Passionate about flowers? Explore Schreiner’s Iris Gardens
By SUZANNE WARING
The highlight of my travels in 2021 was a visit to Schreiner’s Iris Gardens in Salem, Oregon. I had heard of the gardens, but what I had visualized before going there was insignificant compared to actually seeing them in all their flowery glory.
I thought we would walk through fields of blooming irises and see hundreds of identical colors in one place. Although we saw one hundred acres of commercial flower fields as we entered and left the gardens, we spent our time in the show gardens where the Schreiner family, who own and maintain the gardens, planted each cultivar.
They created paths for people to walk and get closer to flowering plants. Irises are planted around the edges of the flower beds with flowering lupine, peonies and alliums planted in the center of each bed, offsetting the brightly colored irises of varying shapes and sizes.
The story behind the gardens
Schreiner’s first iris enthusiast was FX Schreiner, who lived in Minnesota and was a department store manager. During one of his business trips in 1920, he met John C. Wister, the first president of the American Iris Society. Wister motivated him to start collecting different colors and varieties of irises. Over the years Schreiner’s flower beds grew to over 500 cultivars, and in 1925 he published his first price list. Three years later, he published his first catalog in black and white, without photos.
His children also grew up to have a passion for the iris. FX died in 1931, and in 1946 his three descendants – Bob, Connie and Bernard (Gus) – began looking for a hospitable place to grow irises commercially. They finally settled in 1947 on 15 acres near Salem, Oregon in the Willamette Valley.
By the 1990s, the Schreiners had expanded their acreage and developed the show gardens on the initial purchase of the Schreiner land. Today their children are looking for new combinations of colors and shapes by hybridizing flowers.
They’ve always loved choosing memorable names for their flowers, like “Angel’s Rest,” “Just the Ticket,” “Anything for You,” and “Sunrise Splendor.”
For the past 15 years, the Schreiners have run a contest for their customers to see who can come up with the best names for new cultivars. The 2022 theme for the new names celebrated geographic locations and region-specific objects found in areas where the company ships across the United States.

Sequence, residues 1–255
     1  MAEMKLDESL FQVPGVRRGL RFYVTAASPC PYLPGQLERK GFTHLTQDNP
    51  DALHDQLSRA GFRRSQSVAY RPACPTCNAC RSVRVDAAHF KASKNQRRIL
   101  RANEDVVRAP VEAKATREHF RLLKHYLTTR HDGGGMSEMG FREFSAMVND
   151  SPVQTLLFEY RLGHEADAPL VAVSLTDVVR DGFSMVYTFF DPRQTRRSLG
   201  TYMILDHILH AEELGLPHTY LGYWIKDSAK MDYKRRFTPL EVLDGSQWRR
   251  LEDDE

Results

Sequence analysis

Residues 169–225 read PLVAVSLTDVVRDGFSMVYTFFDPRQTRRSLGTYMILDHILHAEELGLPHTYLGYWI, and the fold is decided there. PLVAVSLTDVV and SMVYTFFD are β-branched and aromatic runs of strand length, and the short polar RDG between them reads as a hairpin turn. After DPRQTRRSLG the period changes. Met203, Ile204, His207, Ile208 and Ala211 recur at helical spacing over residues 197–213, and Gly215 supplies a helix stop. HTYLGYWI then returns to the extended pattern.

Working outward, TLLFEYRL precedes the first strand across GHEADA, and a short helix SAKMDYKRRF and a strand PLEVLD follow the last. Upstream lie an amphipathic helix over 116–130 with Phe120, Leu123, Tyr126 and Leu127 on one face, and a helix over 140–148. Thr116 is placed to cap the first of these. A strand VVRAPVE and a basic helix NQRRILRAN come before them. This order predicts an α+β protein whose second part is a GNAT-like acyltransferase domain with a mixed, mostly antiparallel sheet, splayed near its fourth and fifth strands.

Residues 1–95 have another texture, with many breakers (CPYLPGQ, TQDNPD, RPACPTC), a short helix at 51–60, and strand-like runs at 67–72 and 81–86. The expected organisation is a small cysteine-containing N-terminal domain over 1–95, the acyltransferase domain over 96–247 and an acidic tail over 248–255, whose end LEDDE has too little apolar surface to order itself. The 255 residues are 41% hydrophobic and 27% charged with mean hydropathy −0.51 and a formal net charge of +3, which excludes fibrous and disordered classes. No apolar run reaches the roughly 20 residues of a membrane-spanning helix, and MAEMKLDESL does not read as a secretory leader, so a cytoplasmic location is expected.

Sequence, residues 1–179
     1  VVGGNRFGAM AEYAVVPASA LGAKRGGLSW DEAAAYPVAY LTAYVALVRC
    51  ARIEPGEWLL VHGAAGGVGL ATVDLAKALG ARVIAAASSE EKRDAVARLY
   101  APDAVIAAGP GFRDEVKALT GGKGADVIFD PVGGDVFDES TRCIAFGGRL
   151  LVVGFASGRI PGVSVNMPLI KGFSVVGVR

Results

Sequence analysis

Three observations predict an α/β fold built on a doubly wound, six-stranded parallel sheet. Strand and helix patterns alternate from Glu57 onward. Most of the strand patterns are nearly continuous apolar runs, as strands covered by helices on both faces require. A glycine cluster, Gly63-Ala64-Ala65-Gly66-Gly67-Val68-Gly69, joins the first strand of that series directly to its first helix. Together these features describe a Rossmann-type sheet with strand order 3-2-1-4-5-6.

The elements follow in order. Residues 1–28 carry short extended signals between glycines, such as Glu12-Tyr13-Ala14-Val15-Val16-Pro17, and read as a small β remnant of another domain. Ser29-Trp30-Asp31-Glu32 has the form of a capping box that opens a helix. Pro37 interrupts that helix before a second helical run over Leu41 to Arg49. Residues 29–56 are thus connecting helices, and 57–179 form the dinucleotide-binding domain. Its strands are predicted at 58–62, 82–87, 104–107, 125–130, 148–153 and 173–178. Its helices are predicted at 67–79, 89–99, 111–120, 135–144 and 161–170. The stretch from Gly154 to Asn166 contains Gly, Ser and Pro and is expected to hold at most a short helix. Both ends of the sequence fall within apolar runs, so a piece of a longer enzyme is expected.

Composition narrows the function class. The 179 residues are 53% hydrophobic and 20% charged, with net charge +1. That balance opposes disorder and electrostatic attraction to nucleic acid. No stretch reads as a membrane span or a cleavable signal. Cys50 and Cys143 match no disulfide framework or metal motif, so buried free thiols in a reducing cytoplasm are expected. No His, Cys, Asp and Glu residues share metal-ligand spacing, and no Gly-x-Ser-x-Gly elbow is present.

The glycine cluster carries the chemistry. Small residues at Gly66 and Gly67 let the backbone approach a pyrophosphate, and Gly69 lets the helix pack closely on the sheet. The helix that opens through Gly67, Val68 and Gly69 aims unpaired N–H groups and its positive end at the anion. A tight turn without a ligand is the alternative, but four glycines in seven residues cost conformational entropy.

The names they chose “Owyhee Opal” – submitted by Jill R. from Minnesota and “Yes Virginia” – submitted by Deborah B. from Connecticut.
Those of us who have been raising irises for years know that they bloom in May and June in our area. Now Schreiner’s has irises available that bloom again later in the summer.
Visit of the gardens
To prevent the gardens from becoming so overcrowded that people can’t concentrate on the individual iris blossoms, they ask visitors to register on the Internet in two-hour blocks at $5 per person. We signed up for four hours, so we paid $10 each. Also, we packed our lunch and used the picnic tables right in the gardens.
The gardens will be open this year, from May 7 to May 31 from 8:00 a.m. to 4:30 p.m. The gardens are located at 3625 Quinaby Road NE in Salem, 32 miles south of Portland and 5 miles north of downtown Salem. We used “Google Maps” and went straight to the gardens from Interstate 5.
Visitors can visit the Flower Shed, where they can purchase striking bouquets of blooming irises, or they can place orders for rhizomes of flower irises found in the show gardens or pictured in Schreiner’s catalog. Artists and photographers are welcome as well as dogs on a leash. Be sure to take a rain jacket.
Also visit Schreiner Gardens on Facebook, so you know what to expect when you visit during the blooming season.
Schreiner’s has started selling day lilies, so if you have an affinity for this lovely blooming flower, check with Schreiner’s for the latest colors. Find their catalog online at schreinersgardens.com.
Better yet, visit the gardens and place your order on the spot. ISI